Inventor: John R Shearing: Justodian firstname.lastname@example.org (732) 406 6934
TITLE OF INVENTION
Vacustat Lifts Airships With Out Need For Lifting Gas
This Invention Is Freely Given To All People.
The basic idea was
outlined in an unsolicited proposal to NASA and the NIST on
At around the same time it was filed as patent application 10/342,767
This document was created from that patent application.
The patent application was rejected on the grounds that the idea is not novel.
While I disagreed with the Patent Office, this public posting prevents anyone else from patenting the idea and clears the way for placing the idea in the public domain.
Invention in a nutshell
Six Interlocking Bands
With Internal Strut Supports
Form Novel Vacuum Vessel
0001 Most everyone involved with airships has wondered if it would be possible to use vacuum bottles instead of helium filled ballonets to provide lift for airships. After all, a vacuum is even lighter than helium. And by using relief valves and vacuum pumps, vertical takeoffs and landings would be possible.
0002 When constructing our vacuum bottles, there is really only one important consideration. The bottles must be lighter than the air they displace. This is what gives the bottles positive buoyancy and allows them to float.
0004 So far, So good… except for one thing… At sea level, the atmosphere exerts the enormous crushing force of more than 2000 pounds per square foot along the surface of the bottles.
0005 So using conventional materials, and conventional construction techniques, there were two possible outcomes for your efforts. Either the bottles were able to stand up to atmospheric pressure; in which case, the bottles were too heavy to float. Or the bottles were light enough to float, but were crushed under the weight of the atmosphere. In either case, your airship never got off the ground.
0006 This document defines materials and methods that will facilitate the production of vacuum bottles that are lighter than the air they displace, while being strong enough to stand up to atmospheric pressure.
0007 Known in the prior art are spherical enclosures made either by using geodesic construction techniques or by joining spherically contoured sections together.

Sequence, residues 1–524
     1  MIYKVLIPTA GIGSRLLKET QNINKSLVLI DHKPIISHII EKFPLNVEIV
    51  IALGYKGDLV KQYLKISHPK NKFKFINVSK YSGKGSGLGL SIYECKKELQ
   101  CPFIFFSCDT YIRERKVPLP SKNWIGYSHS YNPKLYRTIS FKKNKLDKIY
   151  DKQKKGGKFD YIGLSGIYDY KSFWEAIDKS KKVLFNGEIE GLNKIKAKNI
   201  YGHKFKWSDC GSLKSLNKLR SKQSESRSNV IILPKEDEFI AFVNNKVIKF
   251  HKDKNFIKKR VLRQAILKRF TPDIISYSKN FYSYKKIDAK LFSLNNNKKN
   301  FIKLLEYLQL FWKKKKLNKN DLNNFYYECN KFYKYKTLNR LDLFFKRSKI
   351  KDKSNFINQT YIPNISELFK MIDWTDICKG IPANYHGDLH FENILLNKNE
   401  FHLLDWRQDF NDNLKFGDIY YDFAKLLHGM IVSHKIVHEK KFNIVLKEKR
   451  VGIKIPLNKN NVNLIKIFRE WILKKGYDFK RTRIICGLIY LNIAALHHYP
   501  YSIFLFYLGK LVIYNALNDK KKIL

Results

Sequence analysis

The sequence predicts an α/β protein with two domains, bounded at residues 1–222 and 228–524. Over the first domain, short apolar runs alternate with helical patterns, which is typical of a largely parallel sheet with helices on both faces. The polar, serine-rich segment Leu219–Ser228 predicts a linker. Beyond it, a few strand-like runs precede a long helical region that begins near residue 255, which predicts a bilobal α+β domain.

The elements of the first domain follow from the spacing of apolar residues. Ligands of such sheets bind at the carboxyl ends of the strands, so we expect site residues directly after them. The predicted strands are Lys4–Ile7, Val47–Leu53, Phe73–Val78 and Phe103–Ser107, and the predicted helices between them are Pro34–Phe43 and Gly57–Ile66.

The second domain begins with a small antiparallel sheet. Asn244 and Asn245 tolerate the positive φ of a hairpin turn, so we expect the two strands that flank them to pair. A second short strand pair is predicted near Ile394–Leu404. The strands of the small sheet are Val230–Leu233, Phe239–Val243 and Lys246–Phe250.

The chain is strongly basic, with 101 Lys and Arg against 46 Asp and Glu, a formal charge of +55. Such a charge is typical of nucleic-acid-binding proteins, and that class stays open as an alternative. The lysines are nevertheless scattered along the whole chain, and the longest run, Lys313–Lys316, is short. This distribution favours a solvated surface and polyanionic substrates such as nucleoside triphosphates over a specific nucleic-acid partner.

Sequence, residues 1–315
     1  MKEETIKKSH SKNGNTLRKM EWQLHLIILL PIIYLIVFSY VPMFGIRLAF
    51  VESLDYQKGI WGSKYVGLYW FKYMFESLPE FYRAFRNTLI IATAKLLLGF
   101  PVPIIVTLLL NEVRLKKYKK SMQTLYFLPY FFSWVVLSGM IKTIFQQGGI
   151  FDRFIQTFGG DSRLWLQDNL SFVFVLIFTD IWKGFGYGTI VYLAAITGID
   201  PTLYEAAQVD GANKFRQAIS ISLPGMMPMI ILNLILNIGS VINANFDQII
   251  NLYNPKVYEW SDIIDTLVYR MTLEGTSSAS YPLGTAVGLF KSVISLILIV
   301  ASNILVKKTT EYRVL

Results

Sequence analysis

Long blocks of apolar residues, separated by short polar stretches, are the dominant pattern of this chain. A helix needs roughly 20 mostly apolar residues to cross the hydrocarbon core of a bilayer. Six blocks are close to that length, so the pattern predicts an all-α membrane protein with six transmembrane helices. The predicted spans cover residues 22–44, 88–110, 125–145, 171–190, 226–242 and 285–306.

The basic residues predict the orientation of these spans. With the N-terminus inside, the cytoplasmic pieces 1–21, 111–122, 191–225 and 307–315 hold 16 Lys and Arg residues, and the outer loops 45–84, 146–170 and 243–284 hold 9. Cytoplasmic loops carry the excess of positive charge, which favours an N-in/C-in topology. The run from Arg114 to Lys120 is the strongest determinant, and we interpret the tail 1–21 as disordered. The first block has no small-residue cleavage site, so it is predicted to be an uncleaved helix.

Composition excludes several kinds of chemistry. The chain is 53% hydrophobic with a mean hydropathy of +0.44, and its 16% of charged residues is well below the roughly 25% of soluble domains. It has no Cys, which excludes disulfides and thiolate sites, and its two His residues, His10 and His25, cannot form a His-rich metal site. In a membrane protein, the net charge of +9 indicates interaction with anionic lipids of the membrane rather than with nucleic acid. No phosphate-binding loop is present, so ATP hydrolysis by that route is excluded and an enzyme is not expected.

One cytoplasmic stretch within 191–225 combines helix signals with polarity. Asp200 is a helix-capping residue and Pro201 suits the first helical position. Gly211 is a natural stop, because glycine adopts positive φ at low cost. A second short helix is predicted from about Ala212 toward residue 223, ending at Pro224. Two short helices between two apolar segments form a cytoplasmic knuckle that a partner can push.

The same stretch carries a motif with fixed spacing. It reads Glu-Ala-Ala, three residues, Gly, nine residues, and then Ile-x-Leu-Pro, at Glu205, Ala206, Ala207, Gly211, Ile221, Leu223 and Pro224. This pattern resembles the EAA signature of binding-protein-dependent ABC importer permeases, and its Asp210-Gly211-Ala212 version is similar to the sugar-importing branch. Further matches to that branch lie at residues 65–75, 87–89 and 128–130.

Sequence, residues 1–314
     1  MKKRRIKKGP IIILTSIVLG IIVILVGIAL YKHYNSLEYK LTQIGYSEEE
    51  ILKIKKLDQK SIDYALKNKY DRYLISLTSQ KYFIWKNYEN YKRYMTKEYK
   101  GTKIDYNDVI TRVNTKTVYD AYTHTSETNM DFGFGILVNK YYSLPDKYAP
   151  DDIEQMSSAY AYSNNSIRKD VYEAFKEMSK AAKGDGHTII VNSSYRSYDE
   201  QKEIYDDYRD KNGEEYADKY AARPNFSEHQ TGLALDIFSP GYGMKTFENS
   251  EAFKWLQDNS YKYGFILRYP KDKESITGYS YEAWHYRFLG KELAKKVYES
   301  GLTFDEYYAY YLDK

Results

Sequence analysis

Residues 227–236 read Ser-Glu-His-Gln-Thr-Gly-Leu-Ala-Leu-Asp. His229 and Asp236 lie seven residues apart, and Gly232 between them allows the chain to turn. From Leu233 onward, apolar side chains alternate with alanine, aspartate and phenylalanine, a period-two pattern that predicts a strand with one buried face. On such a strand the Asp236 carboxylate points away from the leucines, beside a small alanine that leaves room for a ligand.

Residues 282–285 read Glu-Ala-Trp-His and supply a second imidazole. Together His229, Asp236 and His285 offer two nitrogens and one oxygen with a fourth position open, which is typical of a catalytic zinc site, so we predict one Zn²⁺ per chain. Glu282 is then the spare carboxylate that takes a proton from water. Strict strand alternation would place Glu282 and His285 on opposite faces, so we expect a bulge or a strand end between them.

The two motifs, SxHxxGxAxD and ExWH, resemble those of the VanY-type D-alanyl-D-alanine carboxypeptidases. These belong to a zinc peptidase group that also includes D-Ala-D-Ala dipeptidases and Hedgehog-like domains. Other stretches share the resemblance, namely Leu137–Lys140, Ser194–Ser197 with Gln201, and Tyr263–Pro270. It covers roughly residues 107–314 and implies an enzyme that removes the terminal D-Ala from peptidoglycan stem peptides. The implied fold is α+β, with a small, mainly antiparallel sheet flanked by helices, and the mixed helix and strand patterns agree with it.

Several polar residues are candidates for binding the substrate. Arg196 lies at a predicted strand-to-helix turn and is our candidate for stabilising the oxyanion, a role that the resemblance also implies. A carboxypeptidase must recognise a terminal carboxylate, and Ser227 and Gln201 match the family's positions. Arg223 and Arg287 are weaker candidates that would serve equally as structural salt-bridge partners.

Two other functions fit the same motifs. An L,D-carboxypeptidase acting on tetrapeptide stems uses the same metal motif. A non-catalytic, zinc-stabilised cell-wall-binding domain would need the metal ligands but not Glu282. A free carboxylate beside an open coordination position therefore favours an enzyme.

0008 In US patent number (3,063,521), Richard Buckminster Fuller describes his invention “Tensile Integrity Structures” (here after referred to as tensegrity structures) which is an indispensable component of my invention. But Fuller starts his discussion regarding the building of spheres, with an example using 270 struts and refers to this structure as a geodesic sphere tensegrity. He uses this structure to help the reader understand how it is possible to combine a structure’s tension members with its compression members to form a single tension-compression unit in which the outermost surface of the unit provides the tension while the inner most surface provides the compression. It is this quality that defines a geodesic structure. And this quality explains why no internal columns or beams are seen inside geodesic structures. While geodesic structures are indeed tensegrity structures, they are only a small subset of structures that can be built using tensegrity. My invention explores the use of non-geodesic tensegrity structures and their use in creating spherical or semispherical enclosures that are stronger, easier to build, and cheaper to manufacture than is currently possible using geodesic techniques.
0009 In US patent number (4,113,206), David Wheeler describes a geodesic structure that is lighter than the air it displaces. The intent is to evacuate the air from inside the structure so that the structure will float in the atmosphere. But even with today’s super strong and super light composite materials, a working model has never been built. The reason for this is that the atmosphere at sea level, maintains a crushing force of about 2000 pounds per square foot. And even today’s composite materials cannot stand up to that force when configured as a geodesic structure. My invention explores the novel use of the spherical dodecahedron combined with non-geodesic tensegrity structures in order to create structures that are lighter than the air they displace while also being strong enough to stand up to atmospheric pressure.
0010 US patent number (5,529,239) describes a method for pressure forming metal plates to have a spherical contour. US Patent number (5,662,264) of the same inventors goes on to describe how these plates can be welded together. My invention explores the novel use of the spherical dodecahedron combined with non-geodesic tensegrity structures and their use in creating spherical or semispherical enclosures that are stronger, easier to build, and cheaper to manufacture than is currently possible using the previously mentioned techniques.
0011 The purpose of this invention is to:
0012 This will be accomplished by combining the use of super strong, super light materials such as graphite, which exhibit most of their strength in tension with the geometry of tensegrity, which takes maximum advantage of a material’s tensile strength.
0013 Figure 1 is a B/W photograph of the outside of this invention in one of its preferred embodiments.